For as long as I can remember, I have dreamed of travelling to Ukraine and Poland. My Grandmother was Ukrainian and my Grandfather was Polish, so when I started to think about travelling around the world, I knew I really wanted to visit these two countries. However, in all of my daydreaming about arriving in Ukraine I hadn’t imagined what it would be like to arrive after spending months in Asia. I stepped off the plane onto to tarmac in Kiev at 10am in my warmest clothes (not all that warm) and my sandals and suddenly remembered what it feels like to be cold. Luckily, I had a warm flat and kind people to welcome me and quickly got over the lack of feeling in my toes. I quickly changed into my sneakers and headed out to lunch with Manuel, my host from Mexico, and his friends Tim from Germany, Aldo from Mexico, Bogdan from Ukraine, and Alejandro from Argentina. We gorged at a local Ukrainian restaurant then headed out for a tour of the city. What a beautiful city it is! Looming over us on the hill was a stunning blue and gold church that turned out to be even more impressive on the inside than it was on the outside. We took our multicultural group on a walking tour of the city centre and I was able to get my first sim card for my new cell phone. I quickly made a call to my parents and realized that this was the first non-Skype call to them since I left home. It felt surreal to be in a city where there were no cows in the streets, no blasting of horns, no fear when crossing the street, no street vendors yelling at me to buy things from them, and finally talking to my parents on a real phone. I hadn’t realized just how much I had missed these things until they were staring me in the face. It was a little like having a taste of home and I felt relaxed in a way that was completely unexpected. It also helped that I was surrounded by friendly people who instantly took me under their wings. As we walked around, they mentioned that they had to stop at the stadium to pick up tickets to the next football (soccer) game. My plan had been to stay in Kiev only 2 nights, but I was easily persuaded to adjust that so that I could also go to the game. I am so glad that I did. The next few days included more touring around this beautiful city, buying some essentials like jeans and shoes, and eating more cheese than one person should ever think about consuming (I had really missed it!). Before I knew it, 4 days had passed and game day was upon us.
We had a few beers in preparation for the game and headed to the stadium. What a surprise it was to arrive there and find out that in order to keep order, no beer was sold in the stadium. I tried to imagine how this would go over at a hockey game at home and had a pretty good laugh. The game started and I quickly learned the important words to be able to shout (very few of which are fit to be written). It was a great experience! The next day, the guys decided I needed to experience a Ukrainian night out, so we got dressed and headed to Vodka Bar. They had spent days explaining the dating system in Kiev, which basically consists of very young girls putting a lot of effort into looking good so that they can attract older men to take care of them. I had seen a few examples of this as we roamed around the city, but it became very obvious during our big night out. As much as I tried to understand this approach to coupling, I just couldn’t fully wrap my head around what I perceived to be the business-like way of recruiting a spouse. I had a million questions about it and thankfully, everyone was very patient in trying to answer them. However, the most common answer to my questions about why things were the way they explained was “Because it’s Ukraine”. It seems like I wasn’t the only one having some trouble understanding! Hahaha. Finally, the time came to leave Kiev and my new found group of great friends and hop on the night train to L’viv. I arrived on a bit of a gloomy fall morning, dropped my stuff off and headed out to explore this remarkable city. Even under a blanket of grey clouds, it was stunning. I had downloaded an audio guide onto my iPod and hit the town. This was my first audio guide experience and it turns out I am not very good at following directions. I got lost a few times, but each time, stumbled upon a quiet church, a cozy cafe or a little market where people helped get me back on track. The afternoon brought much better weather so I climbed up to the top of the clock tower at city hall for a full view of the city. As beautiful as it is from the ground, it is even more impressive from above. In the evening, I was invited to go to a local movie group. We got together and ended up watching ‘You don’t mess with the Zohan’. Afterwards, we were meant to have a discussion in English about the movie, but it ended up being more about our perceptions of others as we travel. One of the guys there also told us his plans to move to Canada to become a Physical Education teacher. It is almost impossible to make a living doing a job like this in Ukraine (he would make 100 gryvnas per month, which is about $12.50 and even in rural Ukraine is not an amount you could survive on) and it is something that he is very excited about, but he has met with some very strong opposition to his decision. He has a Law degree and has been told that he should stay and use his education to help improve his country. This was surprising to me. I came to understand that many people feel that a person like him has a duty to his country to use his skills to help bring down the rampant corruption and economic problems facing this country. As he defended his choice, I realized how much courage it takes to be able to go after the one thing you really want regardless of how many people tell you it is wrong or irresponsible. I also came to appreciate just how easy it has been for me to always go after the things I want and to be supported in those decisions completely and mostly without question.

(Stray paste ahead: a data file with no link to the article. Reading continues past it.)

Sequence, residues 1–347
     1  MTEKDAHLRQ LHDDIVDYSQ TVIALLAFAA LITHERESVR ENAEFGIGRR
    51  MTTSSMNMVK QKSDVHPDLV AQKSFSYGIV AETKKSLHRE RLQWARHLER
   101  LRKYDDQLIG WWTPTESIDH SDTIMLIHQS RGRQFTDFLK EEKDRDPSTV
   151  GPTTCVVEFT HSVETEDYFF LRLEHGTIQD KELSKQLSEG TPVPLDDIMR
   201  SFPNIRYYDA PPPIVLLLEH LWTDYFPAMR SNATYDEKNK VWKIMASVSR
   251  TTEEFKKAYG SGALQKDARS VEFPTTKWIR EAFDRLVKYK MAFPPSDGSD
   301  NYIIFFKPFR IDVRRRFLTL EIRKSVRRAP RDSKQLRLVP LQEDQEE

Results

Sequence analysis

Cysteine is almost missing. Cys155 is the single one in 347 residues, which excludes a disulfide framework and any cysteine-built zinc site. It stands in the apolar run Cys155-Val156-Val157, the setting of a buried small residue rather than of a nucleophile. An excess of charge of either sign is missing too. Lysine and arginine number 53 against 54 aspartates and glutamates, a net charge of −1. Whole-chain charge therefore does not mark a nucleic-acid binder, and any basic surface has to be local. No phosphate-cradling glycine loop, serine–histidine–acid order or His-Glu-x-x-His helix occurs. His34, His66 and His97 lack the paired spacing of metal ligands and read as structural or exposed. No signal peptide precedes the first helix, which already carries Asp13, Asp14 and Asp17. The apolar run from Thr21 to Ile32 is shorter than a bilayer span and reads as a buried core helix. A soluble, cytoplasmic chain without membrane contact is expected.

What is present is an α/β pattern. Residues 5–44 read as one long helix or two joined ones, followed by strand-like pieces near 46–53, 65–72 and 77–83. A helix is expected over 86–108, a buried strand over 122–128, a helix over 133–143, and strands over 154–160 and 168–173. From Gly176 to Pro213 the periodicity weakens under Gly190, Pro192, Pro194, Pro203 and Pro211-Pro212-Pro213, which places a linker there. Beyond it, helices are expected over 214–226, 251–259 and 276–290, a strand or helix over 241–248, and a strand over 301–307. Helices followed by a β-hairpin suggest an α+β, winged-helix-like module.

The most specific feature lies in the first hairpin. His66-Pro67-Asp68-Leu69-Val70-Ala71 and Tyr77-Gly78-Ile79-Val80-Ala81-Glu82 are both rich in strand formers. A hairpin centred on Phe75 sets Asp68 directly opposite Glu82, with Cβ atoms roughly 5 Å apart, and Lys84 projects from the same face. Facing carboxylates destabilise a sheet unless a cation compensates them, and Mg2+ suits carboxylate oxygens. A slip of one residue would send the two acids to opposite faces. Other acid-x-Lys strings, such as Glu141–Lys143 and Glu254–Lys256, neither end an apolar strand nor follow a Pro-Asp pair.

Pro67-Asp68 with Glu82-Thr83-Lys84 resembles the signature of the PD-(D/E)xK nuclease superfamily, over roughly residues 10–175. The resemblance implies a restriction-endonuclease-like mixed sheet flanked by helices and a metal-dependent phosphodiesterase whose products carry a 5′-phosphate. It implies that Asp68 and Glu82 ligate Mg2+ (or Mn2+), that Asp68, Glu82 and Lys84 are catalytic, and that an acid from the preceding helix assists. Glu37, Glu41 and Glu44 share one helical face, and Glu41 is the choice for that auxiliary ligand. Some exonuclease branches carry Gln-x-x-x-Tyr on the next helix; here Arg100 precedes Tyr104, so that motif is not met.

The next day, I was fortunate enough to share accommodations with a couple from Germany and Russia. We headed into town and explored some of the cafes and bars that had been recommended to them. At one dark and very cool pub, there were no prices in the menu, instead we were told that when the bill came, we could work something out. We ended up trading my ticket from the Karma Sutra temples in India and Japanese stick on tattoos for a discount and some leather key chains. This was a pretty good deal! That night, while in another funky pub with sofas and gravel floors I met Aneta from Poland. It turns out that she was planning on headed into Poland the next day so we decided to go together. We met in the rain at the train station and headed to the border. All told, I was only in Ukraine for 10 days. It was definitely a culture (and temperature) shock after Asia, but I had an incredible time. It continues to amaze me how easy it is to meet good, kind, warm people as I travel. The generosity I have experienced continually blows my mind. I feel so lucky to be able to have these experiences and to be exposed to so many other lifestyles and ways of thinking.